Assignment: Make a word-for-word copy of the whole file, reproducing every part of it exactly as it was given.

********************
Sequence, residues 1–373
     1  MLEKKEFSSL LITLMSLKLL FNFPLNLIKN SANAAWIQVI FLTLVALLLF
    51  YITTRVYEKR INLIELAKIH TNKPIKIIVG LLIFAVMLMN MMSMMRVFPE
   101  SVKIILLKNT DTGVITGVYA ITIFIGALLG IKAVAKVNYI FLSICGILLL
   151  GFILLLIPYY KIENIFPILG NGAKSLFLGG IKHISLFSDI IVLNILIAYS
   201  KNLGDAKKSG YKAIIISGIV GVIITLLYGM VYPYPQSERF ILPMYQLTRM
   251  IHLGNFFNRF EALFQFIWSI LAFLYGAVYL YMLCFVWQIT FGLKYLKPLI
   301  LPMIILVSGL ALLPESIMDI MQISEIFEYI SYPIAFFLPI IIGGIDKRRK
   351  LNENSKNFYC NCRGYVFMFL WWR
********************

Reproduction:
Sequence, residues 1–373
     1  MLEKKEFSSL LITLMSLKLL FNFPLNLIKN SANAAWIQVI FLTLVALLLF
    51  YITTRVYEKR INLIELAKIH TNKPIKIIVG LLIFAVMLMN MMSMMRVFPE
   101  SVKIILLKNT DTGVITGVYA ITIFIGALLG IKAVAKVNYI FLSICGILLL
   151  GFILLLIPYY KIENIFPILG NGAKSLFLGG IKHISLFSDI IVLNILIAYS
   201  KNLGDAKKSG YKAIIISGIV GVIITLLYGM VYPYPQSERF ILPMYQLTRM
   251  IHLGNFFNRF EALFQFIWSI LAFLYGAVYL YMLCFVWQIT FGLKYLKPLI
   301  LPMIILVSGL ALLPESIMDI MQISEIFEYI SYPIAFFLPI IIGGIDKRRK
   351  LNENSKNFYC NCRGYVFMFL WWR